Sunday, May 10, 2020

How to ruin big sister’s date night

They were quite the little women, my mother, Nellie, and her four sisters: Lizzie, Beulah, Mabel, and Kathleen. She also had three brothers: Henry, Rex, and Johnny. But today I’m focusing on the little women.

 An Invitation by Andrea Kowch

Mischief makers. Innocent mischief, but mischief nonetheless. Her journal, a childhood memoir now in my possession, is filled with stories of their antics…The time her older sister, Beulah, decided it wasn’t fair her baby doll was bald and Nellie’s had long lustrous hair.

No, not fair at all. And so, Beulah took the liberty of stealing. Locks of love! Cut and paste and voila! Brand new hair for her own baby. Nellie’s shorn jagged. Her beautiful doll ruined for life.

One of her journal entries describes her childhood living room and a memory of one particular evening of innocent mischief:

“Directly in front of the fireplace there was a settee – a long padded bench with arms and back, a primitive sofa with matching brown leather chairs. It was a cozy atmosphere when we sat there in front of the open fireplace and listened to the logs hiss and spit every so often.

With this living room suite came a wooden table with compartments on each end which held our Holy Bible and several books and magazines. On the table sat our kerosene lamp by which we read at night.

I remember one occasion when Lizzie was sixteen, a young man came to visit her. Mama, thinking she was too young to ‘take company,’ made Beulah and me go in and ‘chaperone.’ Beulah walked in with me right behind her, then picked up the Bible, and the two of us took a seat near the young couple, Lizzie and her suitor, Marvin Gaye.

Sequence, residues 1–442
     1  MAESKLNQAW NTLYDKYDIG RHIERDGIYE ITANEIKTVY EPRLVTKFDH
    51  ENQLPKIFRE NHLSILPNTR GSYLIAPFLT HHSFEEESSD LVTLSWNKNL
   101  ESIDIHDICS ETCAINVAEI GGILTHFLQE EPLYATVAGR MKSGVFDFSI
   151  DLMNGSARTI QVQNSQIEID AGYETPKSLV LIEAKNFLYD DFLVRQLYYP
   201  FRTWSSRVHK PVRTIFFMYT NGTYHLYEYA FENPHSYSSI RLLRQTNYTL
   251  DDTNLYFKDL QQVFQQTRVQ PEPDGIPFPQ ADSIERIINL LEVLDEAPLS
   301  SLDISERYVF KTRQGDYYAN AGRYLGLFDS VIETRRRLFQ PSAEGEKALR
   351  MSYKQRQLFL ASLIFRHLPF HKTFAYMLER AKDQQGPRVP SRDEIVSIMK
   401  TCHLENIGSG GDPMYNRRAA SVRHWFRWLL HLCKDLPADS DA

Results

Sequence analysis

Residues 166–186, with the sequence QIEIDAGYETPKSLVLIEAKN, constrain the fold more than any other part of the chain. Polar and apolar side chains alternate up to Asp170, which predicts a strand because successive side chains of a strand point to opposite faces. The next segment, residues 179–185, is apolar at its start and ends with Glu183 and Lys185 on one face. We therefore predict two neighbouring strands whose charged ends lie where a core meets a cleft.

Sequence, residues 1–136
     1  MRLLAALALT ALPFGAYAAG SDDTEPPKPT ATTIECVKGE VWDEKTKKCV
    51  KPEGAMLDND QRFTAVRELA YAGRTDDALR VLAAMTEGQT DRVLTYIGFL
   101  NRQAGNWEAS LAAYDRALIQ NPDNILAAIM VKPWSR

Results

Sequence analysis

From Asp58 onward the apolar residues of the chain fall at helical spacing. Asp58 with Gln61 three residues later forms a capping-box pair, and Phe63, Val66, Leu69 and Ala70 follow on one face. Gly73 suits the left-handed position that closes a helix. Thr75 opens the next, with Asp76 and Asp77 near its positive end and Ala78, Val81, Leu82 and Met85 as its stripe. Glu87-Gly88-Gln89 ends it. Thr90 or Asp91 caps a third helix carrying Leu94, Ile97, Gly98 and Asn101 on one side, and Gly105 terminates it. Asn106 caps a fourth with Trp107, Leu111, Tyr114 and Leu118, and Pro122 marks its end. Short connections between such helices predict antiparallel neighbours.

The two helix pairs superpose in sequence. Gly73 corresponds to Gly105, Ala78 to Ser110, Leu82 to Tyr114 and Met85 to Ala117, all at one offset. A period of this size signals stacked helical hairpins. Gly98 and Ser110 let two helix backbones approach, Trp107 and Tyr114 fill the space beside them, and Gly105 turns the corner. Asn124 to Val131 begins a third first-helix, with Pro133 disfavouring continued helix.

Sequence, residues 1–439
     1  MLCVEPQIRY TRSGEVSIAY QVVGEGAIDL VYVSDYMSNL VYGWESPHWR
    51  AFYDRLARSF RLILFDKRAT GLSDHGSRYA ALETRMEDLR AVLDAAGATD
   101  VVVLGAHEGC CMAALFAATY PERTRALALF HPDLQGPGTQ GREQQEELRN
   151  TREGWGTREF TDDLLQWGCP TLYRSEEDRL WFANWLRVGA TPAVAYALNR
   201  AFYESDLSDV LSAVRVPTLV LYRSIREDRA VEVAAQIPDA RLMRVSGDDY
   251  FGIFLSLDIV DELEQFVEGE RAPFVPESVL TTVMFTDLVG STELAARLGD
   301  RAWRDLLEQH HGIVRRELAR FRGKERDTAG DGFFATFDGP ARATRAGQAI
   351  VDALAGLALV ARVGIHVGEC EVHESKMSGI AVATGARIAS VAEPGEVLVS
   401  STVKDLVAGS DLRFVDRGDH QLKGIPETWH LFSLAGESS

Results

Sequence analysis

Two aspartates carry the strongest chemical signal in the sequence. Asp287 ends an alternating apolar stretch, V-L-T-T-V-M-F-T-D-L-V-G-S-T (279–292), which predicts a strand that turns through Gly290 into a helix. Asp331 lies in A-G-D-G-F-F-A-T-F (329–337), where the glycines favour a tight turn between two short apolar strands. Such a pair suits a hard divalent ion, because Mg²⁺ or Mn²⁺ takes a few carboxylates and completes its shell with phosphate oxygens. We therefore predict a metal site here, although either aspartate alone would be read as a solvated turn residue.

We sat before them the whole time, reading the Bible, but mostly giggling the night away. Lizzie’s beau never returned after that.”

Ha! I guess not. Poor Marvin. Subjected to a night of silly giggling, scripture reading, looks from two young women saying, don’t even think about it.

Happy Mother’s Day, Nellie. Your memory brought a much-needed smile to my face. It’s like you were here, telling the story all over.  

What memory of your mother has made you smile? 


  1. The story of Lizzie, her beau, and the two giggling sisters brought a smile to my face too.
    My mother had great humour and many of her sayings made me smile; unfortunately, they sound funy only in the original language, which is not english.
    She also had a great voice, and liked to sing especially religious pieces made popular by famous cantors. Her imitation of the cantor used to make me smile with pride.

    1. I'd love to hear your mother's cantors. Do you remember any of these?

  2. This is priceless, what you shared, Debra...

    A few days ago, my daughter, Carrie Lyndal, sent me a collage of herself, of me, and of my grandmother, on my mother's side. My grandmother's name was Mary Lyndal... The point my daughter was making was how much we three looked like my late Mom.

    1. How sweet of Carrie! That gift must have meant a great deal to you, Michael.

      Hey, by the way, how's it going for you? I'd say what's going on in your world, but I kind of know. How's the writing going? Me, I finished a poetry book but didn't want to publish it now. But I am writing another book. Working at a snail's pace, but working.

    2. I am just working and floating along. We don't have it too bad where I live. The big city Sodom and Gomorrahs of Tennessee want to emulate the coastal regions, but they lack the discipline or focus to make it all fall down.

      Let me know when you publish your book. I would like to be in on that event. Thanks!

    3. You'll be the first to know. Take care my poet friend.

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